HOUSTON — After looking as lost as can be during the first three games of this World Series, Cody Bellinger figured a change in approach was in order.
So during batting practice before Saturday night’s critical Game 4, the rookie tried something different.
“I decided ‘I’m hitting every ball to leftfield today,’ ” said Bellinger, who did exactly that during BP. “I had two balls to leftfield today in the game and I saw some results.”
Results that just might have turned this World Series back in the Dodgers’ favor.
Bellinger, 0-for-11 with seven strikeouts in the first three games, cracked key doubles in the seventh and ninth innings, with the latter igniting a five-run outburst in the Dodgers’ 6-2 victory over the Astros in front of 43,322 at Minute Maid Park. That evened the World Series at 2-2.
“For him to really keep that calmness about him says a lot about the makeup of the player,” Dodgers manager Dave Roberts said. “And there’s certain players that just have that innate ability to be in that spot, to want to be in that big spot. And Cody, you can see the heartbeat is really good.”
Sunday night’s Game 5 will be a rematch of the Game 1 starters, with Astros lefthander Dallas Keuchel taking on Dodgers lefty Clayton Kershaw. The Dodgers won Game 1, 3-1. “We’ve got our horse going tomorrow,’’ Roberts said. “I like where we’re at.”
Houston had been 7-0 at home during this postseason, but the Astros were limited to two hits in Game 4 — two-out homers by George Springer in the sixth and Alex Bregman in the ninth. Said Astros manager A.J. Hinch, “They’re two pretty good teams. It probably doesn’t surprise anyone it’s 2-2.”
Bellinger, the son of former Yankee Clay Bellinger, ran his skid to 0-for-13 with eight strikeouts after two at-bats in Game 4. But he doubled to left-center and scored on Logan Forsythe’s two-out single in the seventh to tie it at 1, then snapped that tie with an RBI double to left-center with none out in the ninth.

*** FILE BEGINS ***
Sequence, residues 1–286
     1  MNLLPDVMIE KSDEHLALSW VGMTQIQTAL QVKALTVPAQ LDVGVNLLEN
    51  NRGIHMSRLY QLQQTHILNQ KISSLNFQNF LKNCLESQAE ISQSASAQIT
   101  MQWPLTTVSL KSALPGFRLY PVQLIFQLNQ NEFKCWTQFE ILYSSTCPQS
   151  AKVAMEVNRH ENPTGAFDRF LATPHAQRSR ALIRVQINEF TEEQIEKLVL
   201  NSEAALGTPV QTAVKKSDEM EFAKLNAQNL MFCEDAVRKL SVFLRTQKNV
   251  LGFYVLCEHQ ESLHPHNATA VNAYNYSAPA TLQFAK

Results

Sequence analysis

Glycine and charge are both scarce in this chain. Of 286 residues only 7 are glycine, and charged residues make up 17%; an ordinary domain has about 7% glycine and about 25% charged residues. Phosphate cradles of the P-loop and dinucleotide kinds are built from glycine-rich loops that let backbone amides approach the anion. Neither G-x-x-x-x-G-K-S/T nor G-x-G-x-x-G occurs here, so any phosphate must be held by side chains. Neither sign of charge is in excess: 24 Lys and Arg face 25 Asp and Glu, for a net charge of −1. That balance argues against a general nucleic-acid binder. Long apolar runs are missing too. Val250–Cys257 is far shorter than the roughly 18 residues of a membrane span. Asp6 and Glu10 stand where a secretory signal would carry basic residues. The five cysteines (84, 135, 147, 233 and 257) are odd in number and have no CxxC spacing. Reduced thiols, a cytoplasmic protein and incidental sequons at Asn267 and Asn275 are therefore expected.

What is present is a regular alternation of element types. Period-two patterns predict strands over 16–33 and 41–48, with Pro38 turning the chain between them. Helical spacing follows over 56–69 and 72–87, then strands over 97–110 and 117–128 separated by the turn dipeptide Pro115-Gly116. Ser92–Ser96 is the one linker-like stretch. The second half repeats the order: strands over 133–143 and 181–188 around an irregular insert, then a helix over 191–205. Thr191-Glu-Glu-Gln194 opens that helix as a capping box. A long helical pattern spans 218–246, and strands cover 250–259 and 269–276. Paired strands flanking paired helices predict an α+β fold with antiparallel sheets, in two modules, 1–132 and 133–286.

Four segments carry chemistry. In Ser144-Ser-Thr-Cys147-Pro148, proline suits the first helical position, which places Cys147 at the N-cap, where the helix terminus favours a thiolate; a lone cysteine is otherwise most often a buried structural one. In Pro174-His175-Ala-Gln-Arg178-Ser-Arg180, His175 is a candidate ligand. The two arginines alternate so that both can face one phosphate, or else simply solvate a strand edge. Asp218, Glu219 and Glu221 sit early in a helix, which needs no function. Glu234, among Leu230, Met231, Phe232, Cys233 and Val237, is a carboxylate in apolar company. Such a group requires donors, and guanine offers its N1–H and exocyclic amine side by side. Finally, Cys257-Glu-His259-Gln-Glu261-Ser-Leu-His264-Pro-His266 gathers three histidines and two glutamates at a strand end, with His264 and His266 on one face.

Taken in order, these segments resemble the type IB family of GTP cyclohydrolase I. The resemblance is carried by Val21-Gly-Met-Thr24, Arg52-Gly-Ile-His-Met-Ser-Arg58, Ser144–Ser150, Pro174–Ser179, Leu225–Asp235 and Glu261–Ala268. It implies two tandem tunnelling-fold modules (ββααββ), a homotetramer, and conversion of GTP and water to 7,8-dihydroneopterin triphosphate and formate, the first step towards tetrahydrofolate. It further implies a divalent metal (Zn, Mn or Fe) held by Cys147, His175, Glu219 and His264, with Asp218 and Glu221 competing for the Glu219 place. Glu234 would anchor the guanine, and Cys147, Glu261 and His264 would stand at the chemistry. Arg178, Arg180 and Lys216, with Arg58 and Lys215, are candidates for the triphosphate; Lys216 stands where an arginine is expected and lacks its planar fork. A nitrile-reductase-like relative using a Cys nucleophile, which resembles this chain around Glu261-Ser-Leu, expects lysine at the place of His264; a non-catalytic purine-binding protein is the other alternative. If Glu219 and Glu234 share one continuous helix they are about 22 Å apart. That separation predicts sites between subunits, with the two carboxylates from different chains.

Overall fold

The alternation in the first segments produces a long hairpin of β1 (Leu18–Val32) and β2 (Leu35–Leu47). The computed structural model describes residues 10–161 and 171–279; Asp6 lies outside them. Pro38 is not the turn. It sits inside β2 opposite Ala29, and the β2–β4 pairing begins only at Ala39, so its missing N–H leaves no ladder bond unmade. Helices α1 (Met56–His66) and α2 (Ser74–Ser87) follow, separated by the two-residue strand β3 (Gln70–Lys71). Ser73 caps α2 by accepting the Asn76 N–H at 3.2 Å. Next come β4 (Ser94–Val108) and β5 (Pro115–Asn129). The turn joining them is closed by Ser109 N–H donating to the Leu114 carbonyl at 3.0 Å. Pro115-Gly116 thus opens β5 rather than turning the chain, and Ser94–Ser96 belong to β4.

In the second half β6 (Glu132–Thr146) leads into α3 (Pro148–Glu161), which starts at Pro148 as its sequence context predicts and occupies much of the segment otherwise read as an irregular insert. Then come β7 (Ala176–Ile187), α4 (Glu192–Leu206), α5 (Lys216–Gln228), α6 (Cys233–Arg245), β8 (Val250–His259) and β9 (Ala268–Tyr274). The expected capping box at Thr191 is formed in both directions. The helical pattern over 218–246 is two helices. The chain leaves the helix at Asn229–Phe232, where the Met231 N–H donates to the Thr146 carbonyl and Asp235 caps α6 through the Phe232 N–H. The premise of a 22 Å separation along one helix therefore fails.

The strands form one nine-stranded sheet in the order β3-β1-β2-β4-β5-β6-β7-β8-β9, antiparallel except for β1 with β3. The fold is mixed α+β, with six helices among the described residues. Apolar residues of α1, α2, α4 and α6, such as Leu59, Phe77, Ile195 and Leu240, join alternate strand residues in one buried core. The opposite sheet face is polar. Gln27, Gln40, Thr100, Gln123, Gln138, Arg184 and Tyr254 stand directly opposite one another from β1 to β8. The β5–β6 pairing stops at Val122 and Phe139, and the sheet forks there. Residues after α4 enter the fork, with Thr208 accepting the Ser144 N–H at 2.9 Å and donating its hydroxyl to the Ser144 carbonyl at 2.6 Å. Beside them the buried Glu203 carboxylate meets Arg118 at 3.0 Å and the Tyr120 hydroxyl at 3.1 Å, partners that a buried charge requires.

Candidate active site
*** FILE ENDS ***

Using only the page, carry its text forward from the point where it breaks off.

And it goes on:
“Super sigh of relief, that’s for sure,” he said of his first hit.
He is a shoo-in for the NL Rookie of the Year the same way Aaron Judge is for the AL award, and Bellinger said he noticed the similarities in their respective postseasons. Both had periods of futility at the plate and both emerged from those stretches.
“Yeah, I watched and we were identical, striking out a lot, swinging at a lot of off-speed that we don’t normally swing at, and I think that’s the pressure of the postseason sometimes,” said Bellinger, who fanned four times in Game 3. “But like I said, it’s a beautiful game. I can come out the next day and help the team to win after a bad day like that.”
After Austin Barnes’ sacrifice fly, Joc Pederson’s three-run homer with two outs in the ninth gave the Dodgers a 6-1 lead. Bregman’s homer off Kenley Jansen in the bottom of the inning made it 6-2.
Astros closer Ken Giles, in whom Hinch continues to say he has confidence despite numbers that indicate he probably shouldn’t, was charged with three runs and allowed two hits and a walk without getting an out in the ninth. Giles has been scored on in six of seven postseason outings.
“When you’re a back-end reliever . . . you’re only talked about when you struggle,’’ Hinch said. “He can handle it mentally, he can handle it physically.”
The starting pitching was terrific by both teams.
Charlie Morton, who allowed two hits in five scoreless innings against the Yankees in ALCS Game 7, was charged with one run and allowed three hits in 6 1⁄3 innings Saturday. He left after Bellinger’s double with a 1-0 lead before Will Harris gave up Forsythe’s tying RBI single.
The Dodgers’ Alex Wood was even better, holding the Astros hitless for 5 2⁄3 innings before Springer homered to give Houston a 1-0 lead.
“I was glad to keep us in it long enough to where our bats came alive. That felt like us there those last few innings,” Wood said. “It’s a big win for us. We’ve got our guy going tomorrow, so we’re excited to be able to take it back to LA, too.”